December 11, 2002 | Executive Memorandum on Russia
With U.S. and Western interests worldwide threatened by terrorist attack, the October hostage crisis in Moscow perpetrated by Chechen Islamist extremists has raised concerns about the security of post-Soviet stockpiles of weapons of mass destruction (WMD) and nuclear reactors in Russia and Eurasia. U.S. investments in Russian and Caspian oil fields and supply routes are also threatened. Because some Chechen rebels have links to al-Qaeda, the likelihood of another terrorist attack with massive civilian casualties or the use of WMD in the Russian-Chechen conflict has grown significantly since the hostage crisis. To prevent that, the United States should expand anti-terrorism and security cooperation with Russia, bilaterally and through the North Atlantic Treaty Organization (NATO)-Russia Council established in May, and with other Eurasian states.
Though the scale of the Moscow hostage crisis is reminiscent of similar attacks during the first Chechen war, this latest event indicates Chechen terrorists may be seeking more deadly outcomes. Chechen leaders have said that the next operation could target a nuclear reactor, similar to al-Qaeda threats against U.S. facilities.
The head of Russia's equivalent of the U.S. Nuclear Regulatory Commission, Yuri Vishnevsky, recently declared that unspecified amounts of nuclear materials have disappeared from Russian facilities despite efforts to secure and destroy WMD under the U.S.-Russia Cooperative Threat Reduction (Nunn-Lugar) Program. According to the Russian media, cesium-137 and strontium-90, as well as the more common uranium-235 and plutonium, are missing. They may have made their way into the hands of Chechen or other terrorists. Former U.S. Assistant Secretary of Energy for Non-Proliferation Rose Gottemoeller has said that Chechen extremists are more likely to deploy a dirty bomb than a regular nuclear warhead or "suitcase bomb." Chechen Islamic militants also may be instrumental in transferring such devices or the materials needed to produce them to al-Qaeda. Russian experts note that the Chechens have used shoulder-launched missiles against Russian helicopters and might go after civilian aircraft, similar to the recent attack in Kenya attributed to al-Qaeda.
Al-Qaeda deputy chief Ayman al-Zawahiri stated recently that U.S. and Western economic enterprises are targets. Many interests in Persian Gulf states, including radical Islamist "charities" that fund Chechen separatists, disdain energy competition from and Western access to Caspian Sea oil. Exploding a dirty bomb in fields in Russia, Azerbaijan, and Kazakhstan could put them out of commission for hundreds of years. But there are other ways to disrupt Western energy supplies, as al-Qaeda demonstrated on October 6 when a light boat carrying about 1,000 pounds of high explosives rammed a French supertanker off the coast of Yemen. Concerns are growing about mega-terrorist attacks on the Chevron-operated Tenghiz-Novorossiysk oil pipeline; the Black Sea ports of Novorossiysk, Tuapse, and Supsa; the Baku-Novorossiysk pipeline; and the Baku-Tbilisi-Ceyhan pipeline now under construction.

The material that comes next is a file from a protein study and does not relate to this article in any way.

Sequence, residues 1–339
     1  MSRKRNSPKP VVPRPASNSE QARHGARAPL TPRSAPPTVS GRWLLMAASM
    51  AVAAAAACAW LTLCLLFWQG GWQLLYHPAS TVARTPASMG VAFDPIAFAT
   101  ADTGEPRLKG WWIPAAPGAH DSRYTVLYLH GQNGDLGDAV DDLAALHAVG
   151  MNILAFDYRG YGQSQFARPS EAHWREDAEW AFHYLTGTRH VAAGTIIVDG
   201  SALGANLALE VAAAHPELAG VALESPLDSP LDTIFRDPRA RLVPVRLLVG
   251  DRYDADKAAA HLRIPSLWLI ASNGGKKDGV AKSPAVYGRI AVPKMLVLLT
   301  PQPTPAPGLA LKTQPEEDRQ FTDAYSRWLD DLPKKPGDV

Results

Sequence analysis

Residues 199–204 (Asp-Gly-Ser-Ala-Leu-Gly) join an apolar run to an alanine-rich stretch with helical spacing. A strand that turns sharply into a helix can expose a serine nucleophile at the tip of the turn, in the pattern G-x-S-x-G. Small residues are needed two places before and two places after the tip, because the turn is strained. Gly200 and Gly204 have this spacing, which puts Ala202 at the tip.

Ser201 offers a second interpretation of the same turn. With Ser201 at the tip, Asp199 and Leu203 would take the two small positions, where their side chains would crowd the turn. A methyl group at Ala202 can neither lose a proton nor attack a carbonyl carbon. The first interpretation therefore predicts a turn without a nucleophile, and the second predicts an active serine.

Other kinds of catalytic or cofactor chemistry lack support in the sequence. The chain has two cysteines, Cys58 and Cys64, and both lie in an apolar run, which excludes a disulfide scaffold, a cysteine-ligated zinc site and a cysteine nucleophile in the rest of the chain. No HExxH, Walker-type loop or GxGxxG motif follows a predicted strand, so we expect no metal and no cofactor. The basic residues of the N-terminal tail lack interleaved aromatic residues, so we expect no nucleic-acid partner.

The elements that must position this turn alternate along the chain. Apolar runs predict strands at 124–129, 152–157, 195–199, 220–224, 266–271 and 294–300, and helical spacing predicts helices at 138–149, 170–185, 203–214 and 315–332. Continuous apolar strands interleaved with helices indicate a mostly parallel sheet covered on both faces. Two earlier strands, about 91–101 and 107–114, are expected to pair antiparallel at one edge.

Chechen rebels have escalated their operations since the summer. President Vladimir Putin warned that they may cause casualties comparable to a WMD attack and implied that his government might respond in kind. A review of Russian military doctrine toward Chechnya is underway. Moscow resists a political settlement but is incapable of achieving a quick military solution. Questions continue about the efficiency of its security services, including the secret police (FSB), which failed to prevent the 40 to 50 Chechen fighters from entering the Moscow theater with over 100 kilograms of high explosives. Russia has stepped up rhetoric advocating the extraterritorial use of force against terrorists and their supporters, but U.S. Department of State officials are concerned that a sweeping operation in, for example, the Pankisi Gorge or elsewhere in Georgia could undermine state sovereignty.
The chances for a political settlement have dimmed since the Moscow crisis. Chechnya has become a haven for organized criminals and Islamic militants, despite Shari'a law, after the 1996 Russian troop withdrawal. President Aslan Maskhadov failed to prevent over $100 million from radical Islamist networks from reaching the rebels. He is hardly a proper partner to negotiate peace with the Russians. Leaders in Russia, Daghestan, Azerbaijan, and Georgia are also concerned about calls to create a Chechen-led caliphate stretching from the Black Sea to the Caspian, given the possibility that a radical Islamist state could institute an education system that brainwashes youths to kill "infidels." A radical and impoverished Islamist state in Europe, on the doorsteps of Russia and weak South Caucasus states, would be destabilizing.
Conclusion. Security in Russia and the Southern Caucasus is increasingly at risk. Innocent civilians as well as U.S. and Western economic interests in the area are threatened. Greater U.S. security cooperation with Russia and Eurasian states is needed to thwart future terrorist attacks in the region.
Ariel Cohen, Ph.D., is Research Fellow in Russian and Eurasian Studies in the Kathryn and Shelby Cullom Davis Institute for International Studies at The Heritage Foundation.